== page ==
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Michelle Goldberg: It’s Marjorie Taylor Greene’s Republican Party now

(John Bailey | The Rome News-Tribune via AP, File) In this March 3 photo, Republican Marjorie Taylor Greene speaks to a GOP women's group in Rome, Georgia.

Steve King, the Republican former congressman from Iowa, must feel robbed. Two years ago, he was stripped of all his committee assignments after asking, in an interview with The New York Times, “White nationalist, white supremacist, Western civilization — how did that language become offensive?”

The Republican Party threw its weight behind King’s primary challenger, and he was whisked off the national stage, no longer to embarrass colleagues who prefer that racist demagogy be performed with enough finesse to allow for plausible deniability.

Since then, standards have changed. Rep. Marjorie Taylor Greene, R-Ga., is every bit as bigoted as King, and 10 times as unhinged. By now, you have surely heard her theory that California wildfires might have been caused by a space laser controlled by Jewish bankers. That wasn’t Greene’s first foray into anti-Semitism; in 2018 she shared a notorious white nationalist video in which a Holocaust denier claimed that “Zionist supremacists have schemed to promote immigration and miscegenation.”

Recently, Greene met with a far-right British commentator, Katie Hopkins, who has described migrants as “cockroaches” and said she doesn’t care if they die. Greene told her, “I would love to trade you for some of our white people here that have no appreciation for our country.” She described the results of the 2018 midterms as “an Islamic invasion of our government.” Greene endorsed calls for the execution of prominent Democrats and agreed with Facebook posts claiming that the Parkland and Sandy Hook school shootings were hoaxes. She harassed one of the Parkland massacre’s young survivors.

As it happens, this week House Republicans are seeking to punish a prominent woman in their ranks — but it is not Greene. A big chunk of the House Republican caucus is reportedly trying to oust Liz Cheney of Wyoming from leadership because she voted to impeach Donald Trump for inciting the Jan. 6 insurrection.

Kevin McCarthy, the Republican House leader, is meeting with Greene, but it is far from clear that he will act against her because she represents much of their party’s base. When The New Yorker’s Charles Bethea met a group of Greene’s local supporters last year, they were generally familiar with QAnon, and several agreed that Democrats are controlled by Satan. There is a reason Kelly Loeffler, who needed to get out the pro-Trump vote, touted Greene’s endorsement when she was trying to hold on to her Georgia Senate seat.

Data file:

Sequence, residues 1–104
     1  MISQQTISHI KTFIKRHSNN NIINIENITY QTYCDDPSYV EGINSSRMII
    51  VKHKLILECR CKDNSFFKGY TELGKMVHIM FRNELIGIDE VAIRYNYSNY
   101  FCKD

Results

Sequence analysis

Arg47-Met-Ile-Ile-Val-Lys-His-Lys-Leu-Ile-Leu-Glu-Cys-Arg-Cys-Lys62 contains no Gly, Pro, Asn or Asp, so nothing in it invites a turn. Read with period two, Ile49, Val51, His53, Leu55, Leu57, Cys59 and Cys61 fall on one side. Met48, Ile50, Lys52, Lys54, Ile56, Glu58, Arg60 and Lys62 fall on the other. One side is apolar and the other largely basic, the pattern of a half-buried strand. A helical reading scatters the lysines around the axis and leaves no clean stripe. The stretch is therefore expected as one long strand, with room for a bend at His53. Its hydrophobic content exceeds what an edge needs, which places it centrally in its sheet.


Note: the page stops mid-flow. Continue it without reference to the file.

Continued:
Some decent Republicans imagine they are in a battle for their party’s soul. Rep. Adam Kinzinger, who like Cheney voted to impeach Trump, recently started a PAC devoted to fighting the forces that led to Greene’s rise and the Capitol rampage.

“The time has come to choose what kind of party we will be,” he said in an introductory video.

The thing is, Republicans already have chosen.

Just look at the party’s state affiliates. On Jan. 4, the Arizona GOP retweeted a “Stop the Steal” activist who had pronounced himself willing to “give my life” to overturn the election. Said the party’s official account: “He is. Are you?” An Arizona lawmaker has since introduced a bill that would let the Legislature, controlled by Republicans, override the presidential vote of the state’s increasingly Democratic citizenry.

The Oregon Republican Party approved a resolution suggesting that the Capitol siege was a “false flag” attack. The Texas Republican Party has adopted the QAnon slogan “We are the storm” as its motto, though it insists there is no connection. The chair of Wyoming’s Republican Party, who attended Trump’s rally on Jan. 6, said he might be open to secession.

Greene is not the outlier in this party. Kinzinger is.

American conservatism — particularly its evangelical strain — has fostered derangement in its ranks for decades, insisting that no source of information outside its own self-reinforcing ideological bubble is trustworthy.

If you are steeped in creationism and believe that elites are lying to you about the origins of life on earth, it is not a stretch to believe they are lying to you about a life-threatening virus. If what you know of history is the revisionist version of the Christian right, in which God deeded America to the faithful, then pluralism will feel like the theft of your birthright. If you believe that the last Democratic president was illegitimate, as Trump and other birthers claimed, then it is not hard to believe that dark forces would foist another unconstitutional leader on the country.

There was a moment, after the Capitol riot, when it seemed as if a critical mass of the Republican Party was recoiling at what it had created. But the moment passed, because it would have required the party’s putative leaders to defy too many of their followers. Sen. Mitch McConnell floated openness to convicting Trump in a Senate trial but ended up voting that such a trial was unconstitutional. Fox News, finger to the wind, purged many of its real journalists and gave conspiracy theorist Maria Bartiromo a prime-time tryout.

On Monday, Politico reported that if Republicans don’t strip Greene of committee assignments, Democrats will try to do it, bringing the issue to the House floor. Republican members will have the chance to distance themselves from her. If they don’t, it will be because they know she belongs.

Michelle Goldberg | The New York Times (CREDIT: Tony Cenicola/The New York Times)

Michelle Goldberg is an Op-Ed columnist for The New York Times.

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